Regional Parks, Safety Crews Warn of Upcoming 'Rafting Gone Wild' Event Dangers

As thousands of revelers prepare for the upcoming event posted on Facebook, local law enforcement and rescue crews get ready for what could be the biggest turnout yet.

On Saturday, July 14 thousands of rafters and revelers are expected to take the American River in what has become known as "Rafting Gone Wild," an event promoted through Facebook.

The event has attracted more than 16,000 invites on the Facebook event page with more than 4,300 people apparently planning to go. The total number of invites marks an increase of more than 4,000 people over last year's event and local law enforcement and rescue crews haven't lost sight of the inherent dangers now more prevalent than ever.

Because of the enormity of the event, public safety agencies from across Sacramento Couty are joining forces to enforce any applicable laws.

According to a statement released by Sacramento County's Regional Park District, Sacramento County Park Rangers, Rancho Cordova Police Department, Sacramento County Sheriff’s Department, Sacramento County Sheriff’s Search and Rescue Unit, Sac Metro Fire Department and DART (Drowning Accident Rescue Team) will take part in the joint effort. 

In 2011 the rafting event drew close to 4,000 people to the American River and resulted in more than 50 water rescues performed by Sac Metro Fire and other rescue crews and at least 10 arrests. Sacramento County Sheriff's spokesman Jason Ramos explained arrests ranged from a result of public intoxication, driving under the influence, disorderly conduct and assault.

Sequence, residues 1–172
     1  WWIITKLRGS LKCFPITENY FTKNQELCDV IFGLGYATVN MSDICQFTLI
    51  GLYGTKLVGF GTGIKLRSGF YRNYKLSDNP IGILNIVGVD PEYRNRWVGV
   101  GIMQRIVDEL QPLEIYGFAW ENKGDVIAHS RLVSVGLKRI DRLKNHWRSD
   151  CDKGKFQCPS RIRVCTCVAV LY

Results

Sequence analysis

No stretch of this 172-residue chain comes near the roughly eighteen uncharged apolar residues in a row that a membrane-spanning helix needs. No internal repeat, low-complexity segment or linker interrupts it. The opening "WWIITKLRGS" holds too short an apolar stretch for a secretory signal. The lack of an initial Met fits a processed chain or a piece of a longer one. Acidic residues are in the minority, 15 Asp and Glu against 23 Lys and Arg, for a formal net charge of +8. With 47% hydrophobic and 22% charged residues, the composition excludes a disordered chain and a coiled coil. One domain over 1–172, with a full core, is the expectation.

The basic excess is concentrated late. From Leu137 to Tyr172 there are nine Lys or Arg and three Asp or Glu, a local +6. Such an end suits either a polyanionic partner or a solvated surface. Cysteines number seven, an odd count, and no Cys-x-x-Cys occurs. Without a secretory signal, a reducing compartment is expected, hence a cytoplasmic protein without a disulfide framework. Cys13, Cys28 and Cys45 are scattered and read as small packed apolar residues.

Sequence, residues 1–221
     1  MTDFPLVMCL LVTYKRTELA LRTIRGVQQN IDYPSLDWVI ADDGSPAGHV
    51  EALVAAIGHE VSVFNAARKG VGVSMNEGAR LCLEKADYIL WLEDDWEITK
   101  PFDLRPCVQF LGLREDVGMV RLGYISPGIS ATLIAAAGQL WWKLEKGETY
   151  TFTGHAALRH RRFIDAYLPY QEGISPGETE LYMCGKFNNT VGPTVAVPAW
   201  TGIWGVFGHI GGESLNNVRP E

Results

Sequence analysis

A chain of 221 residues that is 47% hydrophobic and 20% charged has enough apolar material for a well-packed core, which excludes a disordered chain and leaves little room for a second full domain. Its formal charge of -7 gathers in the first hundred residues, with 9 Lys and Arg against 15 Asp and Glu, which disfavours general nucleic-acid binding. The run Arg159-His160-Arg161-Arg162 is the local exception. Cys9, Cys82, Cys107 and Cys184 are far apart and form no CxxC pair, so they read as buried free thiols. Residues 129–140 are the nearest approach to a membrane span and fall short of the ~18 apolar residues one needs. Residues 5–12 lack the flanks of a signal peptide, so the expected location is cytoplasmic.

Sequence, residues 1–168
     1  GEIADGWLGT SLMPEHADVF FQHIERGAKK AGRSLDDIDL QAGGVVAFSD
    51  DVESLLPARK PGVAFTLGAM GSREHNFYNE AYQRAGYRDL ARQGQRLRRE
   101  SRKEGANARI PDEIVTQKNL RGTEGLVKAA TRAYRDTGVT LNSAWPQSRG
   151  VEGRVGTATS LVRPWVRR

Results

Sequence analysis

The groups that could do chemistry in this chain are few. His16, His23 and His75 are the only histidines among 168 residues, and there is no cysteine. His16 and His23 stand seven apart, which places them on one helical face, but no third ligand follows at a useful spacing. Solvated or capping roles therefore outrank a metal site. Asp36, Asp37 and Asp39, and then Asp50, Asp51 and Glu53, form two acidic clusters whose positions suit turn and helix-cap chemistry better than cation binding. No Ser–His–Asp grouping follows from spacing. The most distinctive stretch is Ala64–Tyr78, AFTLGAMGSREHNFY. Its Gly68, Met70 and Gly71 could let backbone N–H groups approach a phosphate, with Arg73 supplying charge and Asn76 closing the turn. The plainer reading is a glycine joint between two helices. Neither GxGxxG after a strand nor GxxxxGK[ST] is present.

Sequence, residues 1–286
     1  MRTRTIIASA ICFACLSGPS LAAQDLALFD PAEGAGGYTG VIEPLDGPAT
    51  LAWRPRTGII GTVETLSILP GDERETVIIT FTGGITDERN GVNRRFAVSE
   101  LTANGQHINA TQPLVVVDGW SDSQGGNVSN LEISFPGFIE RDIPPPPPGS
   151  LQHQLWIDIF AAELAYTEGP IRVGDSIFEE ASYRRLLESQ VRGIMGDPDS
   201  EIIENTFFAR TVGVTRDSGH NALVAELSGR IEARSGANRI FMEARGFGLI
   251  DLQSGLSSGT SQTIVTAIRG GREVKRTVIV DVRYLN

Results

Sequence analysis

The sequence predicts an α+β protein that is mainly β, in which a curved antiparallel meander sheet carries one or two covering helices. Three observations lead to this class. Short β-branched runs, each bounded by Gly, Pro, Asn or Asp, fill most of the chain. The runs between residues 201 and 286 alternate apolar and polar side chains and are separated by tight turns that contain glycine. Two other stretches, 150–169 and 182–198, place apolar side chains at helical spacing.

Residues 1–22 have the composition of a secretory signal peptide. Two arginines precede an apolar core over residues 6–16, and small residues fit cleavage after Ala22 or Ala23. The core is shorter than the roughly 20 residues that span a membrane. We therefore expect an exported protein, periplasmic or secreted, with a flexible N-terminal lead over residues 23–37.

"Right now we're identifying a plan for boats on the water, take-out transport locations with local police departments and trying to maintain some civility for the flash mob party crowd," said Sac Metro Fire assistant chief Walt White. "We're anticipating similar numbers."

Ramos said the department will obviously discourage drinking on the river and tying rafts together. He added that everyone should have a personal floatation device available at all times. Ramos also explained despite diminished available resources, both on the ground and in the financial coffer, it should not present any obstacle for adequate safety coverage

"We're going to staff that event how we see fit, based on what we think we need out there," Ramos said. "If that means we incur some over-time costs, that's what's going to happen. We're going to have resources out there that won't impede on our other 911-related response teams."

Promoters for the "Rafting Gone Wild" Facebook page are encouraging a safe trip, stressing the, "river is running very cold with an abnormally strong current," going as far as to promote a river cleanup the following day.

Event commenters' resonse has varied from, "Ready to GET FADED!!!," said attendee Angelina Alcala from San Jose, to others wondering about the level of safety provided.

"Are life jackets provided with raft rentals?" asked another attendee Susan Komarizadeh.

The event is scheduled to begin at 11 a.m.

For more on "Rafting Gone Wild", .


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